Spotlight on NYWC Workshop Participant Jacqueline Carter-Cutting

Jacqueline Carter-Cutting challenges all my pre-conceived notions of what a United States Army Veteran is. At 38, this attractive and svelte mother of two immediately put me at ease with her rolling island accent, graciously offering me a slice of cake when I met with her one recent afternoon at the Brooklyn Vet Center in downtown Brooklyn. She agrees she is not your stereotypical soldier, confiding to me that when she was in Basic Training her drill sergeant called her “Old Mama.”

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A native of Guyana, she moved to Barbados at age 25, where she lived for three years before marrying a U.S. citizen and relocating to the United States in 2000. Jacqueline cited one of the reasons for her move to the States, “It’s the dreamland, where everyone is able to make it.” But when I asked if she still felt that way now, she shrugged her shoulders and said with a laugh, “it’s a work in progress.”

In October of 2001, only three months after moving to New York City from Miami, and one month after September 11, she was laid off from her job at American Airlines-American Eagle, so, at thirty years old, she enlisted in the United States Reserves. She had always wanted to be a soldier.

Jacqueline describes her deployment in Kuwait as not that bad, explaining the emotional baggage that went with it was much worse than the daily toil. Her job, which she wasn’t allowed to talk about, involved interacting with many people each day, and her calming demeanor invited everyone around her to share their woes.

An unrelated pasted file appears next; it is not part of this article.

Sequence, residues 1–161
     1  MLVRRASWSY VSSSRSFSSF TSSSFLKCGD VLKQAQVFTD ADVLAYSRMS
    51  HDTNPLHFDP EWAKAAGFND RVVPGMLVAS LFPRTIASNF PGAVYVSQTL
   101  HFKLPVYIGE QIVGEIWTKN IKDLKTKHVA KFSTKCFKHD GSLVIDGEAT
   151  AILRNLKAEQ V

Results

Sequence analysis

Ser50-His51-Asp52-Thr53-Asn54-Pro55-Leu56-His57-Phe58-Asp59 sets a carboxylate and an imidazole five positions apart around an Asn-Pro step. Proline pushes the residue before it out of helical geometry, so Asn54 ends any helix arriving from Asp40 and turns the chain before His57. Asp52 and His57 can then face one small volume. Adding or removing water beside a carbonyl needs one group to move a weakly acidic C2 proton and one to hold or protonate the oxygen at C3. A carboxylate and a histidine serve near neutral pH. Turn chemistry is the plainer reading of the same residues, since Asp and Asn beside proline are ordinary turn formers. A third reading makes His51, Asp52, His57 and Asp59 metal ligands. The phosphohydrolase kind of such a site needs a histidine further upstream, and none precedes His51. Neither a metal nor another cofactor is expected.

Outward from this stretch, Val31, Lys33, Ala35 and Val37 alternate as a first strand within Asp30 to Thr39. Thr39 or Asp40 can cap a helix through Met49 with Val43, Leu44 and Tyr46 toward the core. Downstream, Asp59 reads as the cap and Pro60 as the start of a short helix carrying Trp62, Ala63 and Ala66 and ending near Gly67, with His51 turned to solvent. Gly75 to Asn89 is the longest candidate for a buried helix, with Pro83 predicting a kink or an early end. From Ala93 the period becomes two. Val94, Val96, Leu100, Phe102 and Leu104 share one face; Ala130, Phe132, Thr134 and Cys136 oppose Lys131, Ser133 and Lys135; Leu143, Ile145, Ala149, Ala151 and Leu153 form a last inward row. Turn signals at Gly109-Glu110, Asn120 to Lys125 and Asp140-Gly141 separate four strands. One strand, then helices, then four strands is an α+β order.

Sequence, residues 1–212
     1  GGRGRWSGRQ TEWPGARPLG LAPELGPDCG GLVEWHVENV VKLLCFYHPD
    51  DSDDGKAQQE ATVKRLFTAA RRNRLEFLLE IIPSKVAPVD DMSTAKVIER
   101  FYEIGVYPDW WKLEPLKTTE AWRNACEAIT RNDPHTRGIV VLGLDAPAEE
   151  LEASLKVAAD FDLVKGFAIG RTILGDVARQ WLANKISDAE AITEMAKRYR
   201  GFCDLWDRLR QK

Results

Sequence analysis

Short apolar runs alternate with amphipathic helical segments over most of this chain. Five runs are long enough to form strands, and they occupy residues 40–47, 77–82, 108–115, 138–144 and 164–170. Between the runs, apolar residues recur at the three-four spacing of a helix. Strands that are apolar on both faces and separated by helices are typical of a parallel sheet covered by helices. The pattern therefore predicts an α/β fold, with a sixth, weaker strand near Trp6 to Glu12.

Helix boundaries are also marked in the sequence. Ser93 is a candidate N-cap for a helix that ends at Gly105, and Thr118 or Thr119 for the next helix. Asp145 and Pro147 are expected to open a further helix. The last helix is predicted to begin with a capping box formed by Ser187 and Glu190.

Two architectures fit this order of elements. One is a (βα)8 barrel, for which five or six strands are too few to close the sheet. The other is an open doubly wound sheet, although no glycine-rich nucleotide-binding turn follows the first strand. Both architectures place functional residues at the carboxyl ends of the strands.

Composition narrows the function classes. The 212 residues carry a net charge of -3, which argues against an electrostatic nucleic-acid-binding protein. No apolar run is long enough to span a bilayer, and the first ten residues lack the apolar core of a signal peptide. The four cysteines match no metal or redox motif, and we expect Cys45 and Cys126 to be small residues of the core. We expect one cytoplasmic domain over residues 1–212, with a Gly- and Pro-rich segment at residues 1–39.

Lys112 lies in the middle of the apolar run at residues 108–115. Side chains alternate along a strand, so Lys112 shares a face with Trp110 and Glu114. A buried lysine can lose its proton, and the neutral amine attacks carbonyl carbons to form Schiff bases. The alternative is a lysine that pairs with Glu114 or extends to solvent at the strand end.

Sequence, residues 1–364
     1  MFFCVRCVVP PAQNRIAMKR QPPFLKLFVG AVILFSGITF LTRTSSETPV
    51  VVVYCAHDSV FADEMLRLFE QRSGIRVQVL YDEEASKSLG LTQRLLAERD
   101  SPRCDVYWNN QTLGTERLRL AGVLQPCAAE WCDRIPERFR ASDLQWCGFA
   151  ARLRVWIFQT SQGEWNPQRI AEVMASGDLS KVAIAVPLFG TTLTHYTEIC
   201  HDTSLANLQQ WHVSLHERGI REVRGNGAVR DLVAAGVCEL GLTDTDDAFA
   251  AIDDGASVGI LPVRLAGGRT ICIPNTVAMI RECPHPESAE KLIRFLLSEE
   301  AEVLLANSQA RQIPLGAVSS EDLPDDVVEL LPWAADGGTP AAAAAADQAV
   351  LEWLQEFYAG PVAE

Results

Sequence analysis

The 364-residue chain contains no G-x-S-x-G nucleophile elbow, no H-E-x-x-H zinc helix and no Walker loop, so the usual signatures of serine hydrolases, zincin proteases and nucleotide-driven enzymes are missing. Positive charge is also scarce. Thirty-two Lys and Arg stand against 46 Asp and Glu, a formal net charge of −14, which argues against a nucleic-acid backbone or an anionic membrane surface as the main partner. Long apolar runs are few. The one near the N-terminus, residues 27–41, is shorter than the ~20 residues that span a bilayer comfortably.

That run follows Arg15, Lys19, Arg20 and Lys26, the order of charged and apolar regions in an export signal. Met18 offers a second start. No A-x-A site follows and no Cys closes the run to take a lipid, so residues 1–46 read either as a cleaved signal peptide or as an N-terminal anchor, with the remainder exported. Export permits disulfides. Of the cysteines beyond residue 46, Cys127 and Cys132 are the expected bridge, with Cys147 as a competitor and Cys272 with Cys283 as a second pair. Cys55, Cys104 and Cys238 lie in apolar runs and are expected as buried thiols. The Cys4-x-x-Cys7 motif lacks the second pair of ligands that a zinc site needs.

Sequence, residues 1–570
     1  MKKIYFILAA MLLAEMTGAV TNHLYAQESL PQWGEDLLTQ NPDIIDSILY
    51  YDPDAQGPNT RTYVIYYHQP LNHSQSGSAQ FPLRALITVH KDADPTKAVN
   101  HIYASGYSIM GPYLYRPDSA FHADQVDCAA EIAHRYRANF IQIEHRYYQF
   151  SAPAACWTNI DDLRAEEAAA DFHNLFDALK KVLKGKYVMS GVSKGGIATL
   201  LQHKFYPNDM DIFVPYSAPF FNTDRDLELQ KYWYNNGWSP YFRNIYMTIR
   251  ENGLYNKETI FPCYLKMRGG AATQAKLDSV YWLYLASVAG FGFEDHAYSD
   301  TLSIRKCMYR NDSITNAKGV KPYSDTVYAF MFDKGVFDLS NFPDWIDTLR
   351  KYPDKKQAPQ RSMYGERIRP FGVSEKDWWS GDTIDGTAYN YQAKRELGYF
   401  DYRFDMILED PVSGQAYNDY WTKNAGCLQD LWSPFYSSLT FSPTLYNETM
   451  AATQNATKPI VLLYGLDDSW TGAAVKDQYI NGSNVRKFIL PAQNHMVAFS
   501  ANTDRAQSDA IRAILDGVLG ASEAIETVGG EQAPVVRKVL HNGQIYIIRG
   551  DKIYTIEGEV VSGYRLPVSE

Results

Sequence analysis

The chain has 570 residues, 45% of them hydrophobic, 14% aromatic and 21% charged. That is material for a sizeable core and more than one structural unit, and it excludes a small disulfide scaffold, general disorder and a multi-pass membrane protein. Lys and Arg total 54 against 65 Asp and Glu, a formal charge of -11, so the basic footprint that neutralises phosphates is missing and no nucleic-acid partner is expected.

Jacqueline started writing poems in the early 90’s to “take away anger,” and has been at it every since. She has been attending New York Writers Coalition workshops at the Brooklyn Vet Center, led by Yvonne Garrett, since its inception in March of 2008. She claims writing has a calming affect on her and it has helped her deal with her road rage, a condition she’s developed since returning from her deployment. Her experiences in the service have influenced her writing as well. While she writes both fiction and non-fiction, the emotions from her past come through in all her writing.

When not writing or serving in the United States Reserves, Jacqueline attends nursing school at Kingsboro where she will be earning her R.N. in a few short months. She plans to continue her studies to earn a B.S.N. so she can practice psychiatric nursing both in the civilian world and in the army.

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